• Once again: Turkey doesn’t make you sleepy!

    No matter how hard I try, I can’t make this myth go away. Until I do, I will keep on posting this every Thanksgiving.

    Myth: Eating Turkey Makes You Sleepy

    While not everyone stoops to the level of Seinfeld’s Jerry and George, who used tryptophan in turkey to lull a girl asleep so that they could play with her toys, the supposed sleep-inducing effects of tryptophan in turkey are commonly recounted at American Thanksgiving feasts and in the popular media around the holidays.

    Scientific evidence does support a connection between tryptophan and sleep. L-tryptophan has been marketed as a dietary supplement to aid with sleep.  Tryptophan also may have an effect on the immune system, with possible benefits for autoimmune disorders such as multiple sclerosis.

    The truth is, turkey is not to blame for your sleepiness.  Chicken and ground beef contain almost the same amount of tryptophan as turkey — about 350 milligrams per 4 ounce serving.  While you might have heard someone claim that turkey made them drowsy, you have probably never heard someone say that chicken, ground beef, or any other meat made them sleepy. Swiss cheese and pork actually contain more tryptophan per gram than turkey, and yet the American classic, a ham and cheese sandwich, somehow escapes blame.

    The amount of tryptophan in a single 4 ounce serving of turkey (350 milligrams) is also lower than the amount typically used to induce sleep. The recommendations for tryptophan supplements to help you sleep are 500 to 1000 milligrams. Many scientists also think the limited amount of tryptophan in turkey would be offset by the fact that it is generally eaten in combination with other foods and not on an empty stomach. While one clinical trial found comparable results for tryptophan from a food protein-source and pharmaceutical grade tryptophan, this study also used an extremely rich source of tryptophan, deoiled gourd seeds, which have twice the tryptophan content of turkey. In this trial, and in general use of supplements, tryptophan is taken on an empty stomach to aid absorption. Although we did not locate any experimental evidence to support this claim, many believe that the presence of other proteins and food in the stomach during the feasts generally associated with turkey consumption would limit the absorption of the tryptophan in the turkey.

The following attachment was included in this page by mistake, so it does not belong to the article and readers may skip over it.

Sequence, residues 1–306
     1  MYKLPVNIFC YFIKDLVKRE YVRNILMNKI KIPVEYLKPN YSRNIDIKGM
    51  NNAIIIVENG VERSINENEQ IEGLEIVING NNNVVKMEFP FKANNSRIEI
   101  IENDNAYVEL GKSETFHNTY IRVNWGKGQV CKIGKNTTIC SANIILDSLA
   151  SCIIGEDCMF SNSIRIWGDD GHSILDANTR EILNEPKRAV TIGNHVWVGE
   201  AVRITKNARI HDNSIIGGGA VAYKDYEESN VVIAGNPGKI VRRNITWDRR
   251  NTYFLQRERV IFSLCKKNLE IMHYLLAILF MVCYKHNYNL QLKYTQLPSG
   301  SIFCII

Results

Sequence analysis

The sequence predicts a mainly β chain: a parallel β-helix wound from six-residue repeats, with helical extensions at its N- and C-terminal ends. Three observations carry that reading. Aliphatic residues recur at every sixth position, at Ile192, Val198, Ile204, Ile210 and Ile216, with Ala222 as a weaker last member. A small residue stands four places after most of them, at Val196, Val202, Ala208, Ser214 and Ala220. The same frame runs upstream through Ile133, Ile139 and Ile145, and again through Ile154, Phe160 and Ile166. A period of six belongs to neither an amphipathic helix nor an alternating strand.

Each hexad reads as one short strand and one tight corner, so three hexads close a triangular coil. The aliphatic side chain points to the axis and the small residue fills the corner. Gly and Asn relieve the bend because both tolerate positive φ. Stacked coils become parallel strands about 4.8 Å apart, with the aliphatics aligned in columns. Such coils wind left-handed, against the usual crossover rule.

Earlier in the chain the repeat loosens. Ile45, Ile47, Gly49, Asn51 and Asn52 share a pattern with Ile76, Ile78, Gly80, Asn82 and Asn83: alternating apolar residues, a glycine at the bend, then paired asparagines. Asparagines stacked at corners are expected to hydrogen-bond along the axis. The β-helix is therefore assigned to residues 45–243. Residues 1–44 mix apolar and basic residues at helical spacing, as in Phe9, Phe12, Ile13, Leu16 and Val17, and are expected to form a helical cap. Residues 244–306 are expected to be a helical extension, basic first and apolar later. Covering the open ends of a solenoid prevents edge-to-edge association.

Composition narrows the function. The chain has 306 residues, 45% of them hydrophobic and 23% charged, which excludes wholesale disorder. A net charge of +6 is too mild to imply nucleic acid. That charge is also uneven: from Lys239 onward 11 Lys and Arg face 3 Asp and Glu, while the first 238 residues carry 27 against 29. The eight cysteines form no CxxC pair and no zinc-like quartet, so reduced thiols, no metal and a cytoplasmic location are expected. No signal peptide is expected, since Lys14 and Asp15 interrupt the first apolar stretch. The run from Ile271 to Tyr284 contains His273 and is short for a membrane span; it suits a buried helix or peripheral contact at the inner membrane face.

There are other elements of the holiday feasts that can induce drowsiness.  Large meals have been shown to cause sleepiness regardless of what is eaten because the body increases blood flow to the stomach, and decreases blood flow and oxygenation to the brain. Meals both high in proteins or in carbohydrates may cause drowsiness.  And don’t forget about the booze. One or two glasses of wine, especially for people who only drink occasionally, can increase drowsiness.

    Have a happy Thanksgiving, everyone.  Stop blaming the turkey for your sleepiness.

    DON’T SWALLOW YOUR GUM! by Aaron Carroll, MD and Rachel Vreeman, MD copyright © 2009 by the author and reprinted with permission from St. Martin’s Griffin, an imprint of St. Martin’s Press, LLC

    Share
    Comments closed
     
    • Uh, guy. Have you noticed how much Americans eat? The idea that there’s a “4 oz. serving” of anything in the US is 30 years beyond it’s sell by date.

      “The amount of tryptophan in a single 4 ounce serving of turkey (350 milligrams) is also lower than the amount typically used to induce sleep. The recommendations for tryptophan supplements to help you sleep are 500 to 1000 milligrams.”

      My guesstimate would be that most Americans affluent enough to sit down to a turkey dinner ingested over 1000 milligrams of tryptophan.

      Here in Tokyo, however, portions are smaller, and I suspect it’s the wine, not the turkey, that has me nodding off every year…

      Whatever. Happy Thanksgiving! (And thanks for doing this blog.)

    • Have you thought about melatonin? I was told that turkey contains larger than normal amounts of melatonin for a food source and this combined with gorging out for thanksgiving induces sleepiness

    • In my experience, at Thanksgiving few people eat only 4 ounces of turkey. 8, 12, 16; now you’re getting up to an effective dose.

    • Mythbusters did a show on this and came to the same conclusion — it doesn’t put you to sleep. They tested amounts “normally eaten.” I think the show was broadcast this month (Nov 12) but I don’t recall the title or date.

      Tom